Blast from the Past: Autumn is doing what Autumn does

… But it is doing it without me!  My super secret project is still  keeping me indoors bashing out words on my  keyboard and I looking out my window at another clear blue sky day and sighing.  It is perfect gardening weather….  sigh.   My poor garden is definitely entering the neglected phase.  But I tell myself only 10 more days and then I can garden to my hearts content.

Jalapeno peppers
My poor pepper plants plead for pampering

But I worry – will it be enough time to save my  poor peppers.   They didn’t do well this season and so I want to dig them up and pop them in some pots and keep them in the green house over the winter, so they can get a head start next season.  Each morning I pull back the curtains with trepidation – has there been a frost?  It got a bit close this morning and was quite chilly.  Mr Jack Frost – if you are going to visit us soon can we please schedule it for some time in May.  I have an opening in my diary for….  hmm  maybe the 29th or 30th?

So in the meantime I thought I’d share with you a blast from the past that tells you what I should be doing now.   I guess on the bright side – at least it isn’t raining.

Autumn is doing what autumn does.

It’s been raining; a cross between drizzly and fat heavy drops with bursts of sunshine in between.  But it’s not cold, not really.  Besides the house is being warmed by the processing of golden quince orbs into jars of deep red clear jelly and jars of left over pulpy jam!  So delicious!  I just checked out the local online supermarket and they didn’t have any quince jam or jelly so I reckon that puts it in the “luxury” jam category, unlike the run of the mill strawberry jam that seems to be the most common jam on offer.  The luxury jams were going for about $5 a jar, so my ten jars have just saved the family about $50!  (Not including the sugar, electricity or labour – but who’s counting.)  Luxury jam wouldn’t have been in the budget anyway.  That’s what I love about gardening, grow the posh stuff!   We truly have a champagne lifestyle on a fizzy water budget!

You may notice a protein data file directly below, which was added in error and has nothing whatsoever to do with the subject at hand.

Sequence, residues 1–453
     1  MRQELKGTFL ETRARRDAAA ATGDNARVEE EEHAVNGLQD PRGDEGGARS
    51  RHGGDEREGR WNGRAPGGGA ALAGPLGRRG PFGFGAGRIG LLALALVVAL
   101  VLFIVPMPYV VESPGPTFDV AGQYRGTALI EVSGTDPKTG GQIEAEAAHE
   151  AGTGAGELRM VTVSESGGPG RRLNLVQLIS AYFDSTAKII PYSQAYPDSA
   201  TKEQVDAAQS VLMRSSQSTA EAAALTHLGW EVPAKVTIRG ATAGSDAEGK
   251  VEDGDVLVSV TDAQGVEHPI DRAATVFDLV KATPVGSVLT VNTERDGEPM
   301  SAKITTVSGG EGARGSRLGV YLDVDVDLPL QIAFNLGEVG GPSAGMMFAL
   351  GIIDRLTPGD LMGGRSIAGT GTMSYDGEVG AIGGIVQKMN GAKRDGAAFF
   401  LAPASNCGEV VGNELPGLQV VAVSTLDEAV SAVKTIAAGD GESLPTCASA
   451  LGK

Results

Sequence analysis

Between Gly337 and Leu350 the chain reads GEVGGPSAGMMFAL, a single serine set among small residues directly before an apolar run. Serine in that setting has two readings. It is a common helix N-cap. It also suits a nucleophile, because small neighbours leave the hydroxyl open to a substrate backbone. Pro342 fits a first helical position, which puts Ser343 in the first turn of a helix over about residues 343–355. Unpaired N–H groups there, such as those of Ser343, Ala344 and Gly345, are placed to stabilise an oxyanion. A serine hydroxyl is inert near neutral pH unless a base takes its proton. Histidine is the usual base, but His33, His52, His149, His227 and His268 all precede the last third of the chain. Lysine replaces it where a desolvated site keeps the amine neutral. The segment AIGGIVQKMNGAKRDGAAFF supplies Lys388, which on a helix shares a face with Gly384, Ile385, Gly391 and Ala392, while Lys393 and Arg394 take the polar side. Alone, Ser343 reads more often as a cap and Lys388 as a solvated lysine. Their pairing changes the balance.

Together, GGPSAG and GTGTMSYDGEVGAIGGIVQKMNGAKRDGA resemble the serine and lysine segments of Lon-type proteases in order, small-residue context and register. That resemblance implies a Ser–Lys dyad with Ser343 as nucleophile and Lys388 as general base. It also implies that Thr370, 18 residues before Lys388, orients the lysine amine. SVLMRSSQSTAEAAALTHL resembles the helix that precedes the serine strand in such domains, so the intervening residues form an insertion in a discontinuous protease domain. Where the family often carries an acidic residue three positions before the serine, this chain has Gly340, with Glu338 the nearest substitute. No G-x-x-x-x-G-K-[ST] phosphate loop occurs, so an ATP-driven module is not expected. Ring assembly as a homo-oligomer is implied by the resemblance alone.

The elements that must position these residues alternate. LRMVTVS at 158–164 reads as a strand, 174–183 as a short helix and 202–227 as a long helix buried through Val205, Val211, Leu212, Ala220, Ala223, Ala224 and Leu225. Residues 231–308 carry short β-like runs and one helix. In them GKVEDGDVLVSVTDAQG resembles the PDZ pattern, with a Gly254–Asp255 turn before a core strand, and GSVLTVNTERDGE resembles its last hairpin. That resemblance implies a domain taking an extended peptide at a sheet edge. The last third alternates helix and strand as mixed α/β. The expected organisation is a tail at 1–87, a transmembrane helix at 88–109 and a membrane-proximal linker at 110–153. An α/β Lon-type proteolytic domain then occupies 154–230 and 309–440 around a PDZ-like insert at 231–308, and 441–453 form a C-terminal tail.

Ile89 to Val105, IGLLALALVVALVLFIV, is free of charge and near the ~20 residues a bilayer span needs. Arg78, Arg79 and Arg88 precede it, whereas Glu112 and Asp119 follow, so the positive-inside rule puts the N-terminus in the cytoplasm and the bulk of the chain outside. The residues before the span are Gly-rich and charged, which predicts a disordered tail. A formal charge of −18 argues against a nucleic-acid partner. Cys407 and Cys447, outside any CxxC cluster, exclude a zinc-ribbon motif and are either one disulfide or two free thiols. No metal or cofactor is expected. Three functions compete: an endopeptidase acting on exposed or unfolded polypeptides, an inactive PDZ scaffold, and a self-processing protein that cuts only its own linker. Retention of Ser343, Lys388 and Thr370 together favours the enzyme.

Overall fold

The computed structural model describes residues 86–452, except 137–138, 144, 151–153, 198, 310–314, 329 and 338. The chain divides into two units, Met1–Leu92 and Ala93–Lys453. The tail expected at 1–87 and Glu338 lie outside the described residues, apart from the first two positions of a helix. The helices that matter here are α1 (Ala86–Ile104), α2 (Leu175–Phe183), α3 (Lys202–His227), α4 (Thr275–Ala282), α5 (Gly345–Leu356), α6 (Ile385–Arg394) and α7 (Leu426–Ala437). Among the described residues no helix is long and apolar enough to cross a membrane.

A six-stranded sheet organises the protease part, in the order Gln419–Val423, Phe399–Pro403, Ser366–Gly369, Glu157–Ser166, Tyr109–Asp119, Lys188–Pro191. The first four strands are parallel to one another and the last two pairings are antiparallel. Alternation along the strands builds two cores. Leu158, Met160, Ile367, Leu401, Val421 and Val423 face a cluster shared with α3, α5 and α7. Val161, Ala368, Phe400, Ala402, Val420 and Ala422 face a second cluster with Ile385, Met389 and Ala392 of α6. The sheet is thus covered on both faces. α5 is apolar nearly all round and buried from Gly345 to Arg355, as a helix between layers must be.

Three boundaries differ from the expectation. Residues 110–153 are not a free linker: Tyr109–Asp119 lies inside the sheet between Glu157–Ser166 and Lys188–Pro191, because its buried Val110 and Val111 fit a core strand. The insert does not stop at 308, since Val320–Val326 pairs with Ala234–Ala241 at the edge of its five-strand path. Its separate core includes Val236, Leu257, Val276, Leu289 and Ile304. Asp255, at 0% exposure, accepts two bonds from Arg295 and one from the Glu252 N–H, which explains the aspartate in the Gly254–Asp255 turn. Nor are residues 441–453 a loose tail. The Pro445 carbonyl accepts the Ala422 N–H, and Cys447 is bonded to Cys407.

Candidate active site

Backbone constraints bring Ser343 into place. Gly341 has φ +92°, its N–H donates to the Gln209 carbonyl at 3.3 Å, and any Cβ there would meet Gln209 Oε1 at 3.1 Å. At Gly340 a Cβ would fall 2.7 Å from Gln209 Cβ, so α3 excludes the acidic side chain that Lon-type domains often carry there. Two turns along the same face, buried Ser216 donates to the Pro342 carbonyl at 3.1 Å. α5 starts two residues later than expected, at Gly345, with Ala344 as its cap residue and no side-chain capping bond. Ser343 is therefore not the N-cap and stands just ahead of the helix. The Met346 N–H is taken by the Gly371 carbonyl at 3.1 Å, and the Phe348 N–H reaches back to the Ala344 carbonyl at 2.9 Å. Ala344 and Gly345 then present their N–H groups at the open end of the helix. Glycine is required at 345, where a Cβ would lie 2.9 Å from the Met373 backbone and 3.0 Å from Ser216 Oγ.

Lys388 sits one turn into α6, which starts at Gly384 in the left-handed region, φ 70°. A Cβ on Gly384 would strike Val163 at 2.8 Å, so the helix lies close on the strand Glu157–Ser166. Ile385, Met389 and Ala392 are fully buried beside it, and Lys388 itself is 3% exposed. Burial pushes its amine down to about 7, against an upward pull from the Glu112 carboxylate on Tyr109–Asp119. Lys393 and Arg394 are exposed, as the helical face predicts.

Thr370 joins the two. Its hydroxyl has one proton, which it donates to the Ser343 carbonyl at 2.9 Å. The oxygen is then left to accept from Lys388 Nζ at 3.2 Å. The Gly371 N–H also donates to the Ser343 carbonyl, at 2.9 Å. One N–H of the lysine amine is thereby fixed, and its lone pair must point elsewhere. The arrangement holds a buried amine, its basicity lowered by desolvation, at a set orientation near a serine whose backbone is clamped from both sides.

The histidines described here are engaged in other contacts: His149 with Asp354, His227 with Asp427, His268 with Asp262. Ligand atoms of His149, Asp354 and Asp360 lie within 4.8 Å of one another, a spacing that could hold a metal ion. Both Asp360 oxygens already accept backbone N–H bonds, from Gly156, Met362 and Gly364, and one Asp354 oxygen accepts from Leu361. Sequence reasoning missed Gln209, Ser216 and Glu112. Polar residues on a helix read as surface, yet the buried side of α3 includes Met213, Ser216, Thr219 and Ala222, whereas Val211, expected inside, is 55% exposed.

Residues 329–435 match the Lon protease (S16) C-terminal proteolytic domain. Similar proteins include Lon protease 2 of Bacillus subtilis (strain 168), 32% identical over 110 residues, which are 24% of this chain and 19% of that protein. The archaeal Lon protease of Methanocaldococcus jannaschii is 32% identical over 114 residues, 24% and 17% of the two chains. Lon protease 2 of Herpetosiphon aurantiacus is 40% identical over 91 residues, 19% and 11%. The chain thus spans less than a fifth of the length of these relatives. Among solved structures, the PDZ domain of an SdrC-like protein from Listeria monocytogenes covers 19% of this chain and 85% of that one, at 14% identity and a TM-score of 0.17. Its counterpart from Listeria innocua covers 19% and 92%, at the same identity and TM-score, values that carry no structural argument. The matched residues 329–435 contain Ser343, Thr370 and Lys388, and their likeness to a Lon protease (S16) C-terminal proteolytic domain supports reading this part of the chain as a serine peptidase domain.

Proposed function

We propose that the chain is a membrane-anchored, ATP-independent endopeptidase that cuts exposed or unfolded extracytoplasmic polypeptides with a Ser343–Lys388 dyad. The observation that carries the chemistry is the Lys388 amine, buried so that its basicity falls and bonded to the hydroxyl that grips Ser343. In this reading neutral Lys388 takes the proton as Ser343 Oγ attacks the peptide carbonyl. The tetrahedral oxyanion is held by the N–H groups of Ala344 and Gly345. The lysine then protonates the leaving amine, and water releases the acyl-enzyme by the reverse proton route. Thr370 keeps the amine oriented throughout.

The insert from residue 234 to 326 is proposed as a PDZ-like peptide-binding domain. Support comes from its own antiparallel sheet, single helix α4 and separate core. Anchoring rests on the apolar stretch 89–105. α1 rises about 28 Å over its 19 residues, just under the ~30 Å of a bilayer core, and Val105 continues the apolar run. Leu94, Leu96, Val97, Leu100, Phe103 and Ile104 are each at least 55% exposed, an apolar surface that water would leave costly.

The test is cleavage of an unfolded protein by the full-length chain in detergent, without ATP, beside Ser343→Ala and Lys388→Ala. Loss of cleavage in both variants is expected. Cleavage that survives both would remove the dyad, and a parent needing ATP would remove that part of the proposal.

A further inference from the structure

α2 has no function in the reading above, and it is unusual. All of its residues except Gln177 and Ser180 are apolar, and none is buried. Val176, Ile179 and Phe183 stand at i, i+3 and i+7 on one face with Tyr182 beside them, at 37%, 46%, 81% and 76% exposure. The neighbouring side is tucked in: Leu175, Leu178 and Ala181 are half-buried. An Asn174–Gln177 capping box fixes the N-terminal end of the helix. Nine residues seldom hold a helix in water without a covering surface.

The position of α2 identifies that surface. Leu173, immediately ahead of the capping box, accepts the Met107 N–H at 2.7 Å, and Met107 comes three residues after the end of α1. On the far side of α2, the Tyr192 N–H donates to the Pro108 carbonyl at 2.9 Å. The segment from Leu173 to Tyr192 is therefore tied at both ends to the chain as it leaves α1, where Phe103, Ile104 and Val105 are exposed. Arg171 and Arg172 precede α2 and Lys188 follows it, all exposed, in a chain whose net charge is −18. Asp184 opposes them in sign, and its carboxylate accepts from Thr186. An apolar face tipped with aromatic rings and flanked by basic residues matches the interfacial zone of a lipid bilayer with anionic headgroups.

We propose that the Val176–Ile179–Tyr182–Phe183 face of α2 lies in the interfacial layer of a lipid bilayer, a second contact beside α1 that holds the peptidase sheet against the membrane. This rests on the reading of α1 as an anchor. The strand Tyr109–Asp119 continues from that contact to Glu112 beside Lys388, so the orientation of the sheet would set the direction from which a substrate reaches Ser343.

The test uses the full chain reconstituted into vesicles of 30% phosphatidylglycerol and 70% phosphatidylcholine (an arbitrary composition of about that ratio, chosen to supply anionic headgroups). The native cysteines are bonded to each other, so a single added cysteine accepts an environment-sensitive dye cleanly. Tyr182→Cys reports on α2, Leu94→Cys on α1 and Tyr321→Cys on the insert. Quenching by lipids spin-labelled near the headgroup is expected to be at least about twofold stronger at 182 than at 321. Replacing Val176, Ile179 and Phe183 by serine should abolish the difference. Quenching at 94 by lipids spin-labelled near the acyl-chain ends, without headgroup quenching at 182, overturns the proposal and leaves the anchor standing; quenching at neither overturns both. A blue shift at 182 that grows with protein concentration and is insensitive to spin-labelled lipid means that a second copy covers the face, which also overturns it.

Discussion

Quince Jelly
Quince Jelly

It also helps to grow the budget stuff too, like spuds and carrots, but even they are getting costly in the shops.  But they just taste so much better fresh.  The humble carrot is elevated to something well beyond the average status it normally gets!  It’s not a starchy, dry, slightly soft orange vegetable – it’s sweet and juicy and so crisp!

The promise of orange goodness
The promise of orange goodness

I dug up a row of spuds the other day – 20 days early, but I was being cheeky and tried to squeeze in an extra crop before the end of the season, only to have it succumb to blight – grrr!  But I dug some up anyway and they were perfect.  Another 20 days would have made them slightly bigger, but they are already a decent size.  That’s saved the family from having to hand over wads of cash for potatoes of uncertain provenance.

Good honest spuds
Good honest spuds

It’s not exactly a posh vegetable, but broad beans have become a regular inhabitant in my winter garden, because it is so lush and green during the cold season, where there isn’t much going on except the old slow poke brassicas.  There isn’t much advantage planting them in the autumn over planting them in the spring except that they crop a couple of weeks earlier.  But I don’t actually like them enough to relish the two week head start, it’s more about having something growing in the garden that I have to tend to when there is nothing else to do.  They need constant staking and protection from those windy winter storms and don’t start me on the aphids that just love the tender tips!

My imperfect row of broad beans
My imperfect row of broad beans

The broad bean row is beginning to flourish with seven green seedlings spreading their leaves out to soak up the warm rays of autumnal sun.  However I planted eleven.  I’ve waited patiently for eighteen days.  I’m beginning to think the last four aren’t going to come out of the ground.  Seven plants would be enough (there are still some in the freezer from the spring!)  But their lack of growth offends my sense of order.  There are gaps in my row.  There is nothing else for it – I shall have to go out right now and sow four more seeds!

Come again soon – there is never a dull moment in an autumn garden – well… there may be one or two boring bits when it’s raining!

Sarah the Gardener   : o)

Oh my Quince…  I can see the tree off in the distance from my office.  Please hang in there for another 10 days and I’ll make jelly from you…

This is the real:  Come again soon – the garden needs work, which means there will be a lot to share with you.

Sarah the Gardener  : o)


4 thoughts on “Blast from the Past: Autumn is doing what Autumn does

  1. My (chilli) pepper plants actually survived a touch of frost last autumn. They even produced some lovely fruit afterwards, though I did have to ripen it indoors. But then when I brought the plants in to overwinter the dreaded aphids got them, so a bit of a sad end really.

    Fingers crossed Jack Frost keeps away for the time you need.

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